Tuesday, October 30, 2012

TOP STORY >> Crews ready to help

Leader senior staff writer

With about eight million people in the dark along the eastern seaboard, across Pennsylvania and into Ohio, and literally in the wake of Super Storm Sandy, Arkansans stand ready to respond when called.

Entergy has sent about 850 scouts, linemen and support workers, according to spokesman Michael Burns, many of them from Arkansas.

The 19th Airlift Wing at Little Rock Air Force Base has an undisclosed number of crews and C-130s on standby in case they are needed in support of the relief effort, according to public information officer Arlo Taylor. Moving relief supplies and people are among the primary uses of the C-130s.

“We’ve had no requests for National Guard help,” said Matt DeCample, spokesman for Gov. Mike Beebe. The Arkansas Department of Emergency Management sent four staff members to Albany, N.Y., to help with response coordination at the New York command center, DeCample said.

CenturyLink phone crews and Arkansas Electric Cooperatives repairmen are also on the way.

Entergy started sending crews from Arkansas, Louisiana, Mississippi and Texas late last week. With a round of reinforcements that left Tuesday, 231 Arkansas employees and contractors and equipment are now dedicated to restoring power, according to Entergy spokesman Michael Burns.

“We’re committed to be there for our fellow electricity providers in the Northeast, just as other companies came to help us when Hurricane Isaac slammed the Gulf Coast in August,” said Greg Grillo, who coordinates Entergy’s storm response.

“We have a well-practiced, well-used system of mutual support, and it’s absolutely essential to restore power following widespread damage (Sandy caused),” he added.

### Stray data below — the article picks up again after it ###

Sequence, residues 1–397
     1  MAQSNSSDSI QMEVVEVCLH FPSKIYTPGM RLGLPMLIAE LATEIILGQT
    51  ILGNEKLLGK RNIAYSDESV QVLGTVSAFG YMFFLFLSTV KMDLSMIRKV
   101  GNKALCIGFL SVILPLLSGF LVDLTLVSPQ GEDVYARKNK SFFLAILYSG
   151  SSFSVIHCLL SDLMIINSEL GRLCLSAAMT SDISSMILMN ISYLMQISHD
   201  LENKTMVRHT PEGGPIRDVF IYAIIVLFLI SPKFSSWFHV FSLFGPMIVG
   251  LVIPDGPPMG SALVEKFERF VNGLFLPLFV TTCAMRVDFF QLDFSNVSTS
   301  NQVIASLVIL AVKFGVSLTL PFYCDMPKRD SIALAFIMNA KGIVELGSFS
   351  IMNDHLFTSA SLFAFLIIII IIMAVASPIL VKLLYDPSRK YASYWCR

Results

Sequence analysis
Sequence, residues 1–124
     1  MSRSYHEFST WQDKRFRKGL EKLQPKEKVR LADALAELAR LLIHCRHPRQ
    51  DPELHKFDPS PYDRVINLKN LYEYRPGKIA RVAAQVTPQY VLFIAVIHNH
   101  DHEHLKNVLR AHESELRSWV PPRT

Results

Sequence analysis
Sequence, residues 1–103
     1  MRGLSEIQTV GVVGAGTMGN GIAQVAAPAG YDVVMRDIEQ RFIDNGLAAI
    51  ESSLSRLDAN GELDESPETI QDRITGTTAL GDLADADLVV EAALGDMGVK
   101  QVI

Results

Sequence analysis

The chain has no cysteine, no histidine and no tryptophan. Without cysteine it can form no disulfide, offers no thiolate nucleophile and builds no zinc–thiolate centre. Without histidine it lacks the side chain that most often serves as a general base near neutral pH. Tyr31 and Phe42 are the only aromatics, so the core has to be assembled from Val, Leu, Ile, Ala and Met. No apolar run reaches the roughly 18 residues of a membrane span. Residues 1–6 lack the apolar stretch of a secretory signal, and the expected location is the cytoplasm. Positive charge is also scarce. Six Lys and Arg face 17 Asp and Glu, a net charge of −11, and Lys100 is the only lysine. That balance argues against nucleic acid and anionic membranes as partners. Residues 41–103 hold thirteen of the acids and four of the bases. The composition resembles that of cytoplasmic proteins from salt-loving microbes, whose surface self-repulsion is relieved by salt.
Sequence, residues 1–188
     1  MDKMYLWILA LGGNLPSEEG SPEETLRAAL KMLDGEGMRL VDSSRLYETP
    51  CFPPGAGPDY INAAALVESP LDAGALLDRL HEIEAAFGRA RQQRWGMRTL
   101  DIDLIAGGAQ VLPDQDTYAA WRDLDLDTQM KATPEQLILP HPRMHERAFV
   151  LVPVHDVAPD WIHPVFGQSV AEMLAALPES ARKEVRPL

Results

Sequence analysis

“They include scouts, who assess damage when safe to do so after the storm, and tool workers who will help rebuild the electrical system,” Grillo said.

First Electric Cooperative in Jacksonville has released three of its contractors to go work in the affected area, according to spokeswoman Tori Moss and stands ready to provide help if asked to electric cooperatives there.

While it is certain that AT&T prepared to deal with large-scale disruptions in phone, cell phone and Internet Service, no spokesman could be found to comment or to say what contribution Arkansas and central Arkansas AT&T employees might make.

The storm has had some effect on air travel here.

Nationally, thousands of flights have been cancelled in the past couple of days, but in Little Rock, only seven flights from Bill and Hillary National Airport were cancelled Mon-day, with another five by midday Tuesday, according to Shane Carter, airport spokesman.

Those flights were to or from Baltimore and Washington.

Carter said the airport originates about 120 flights on an average day, none to New York or New Jersey.

He said there had been a higher than usual number of delayed flights, a ripple effect of the storm.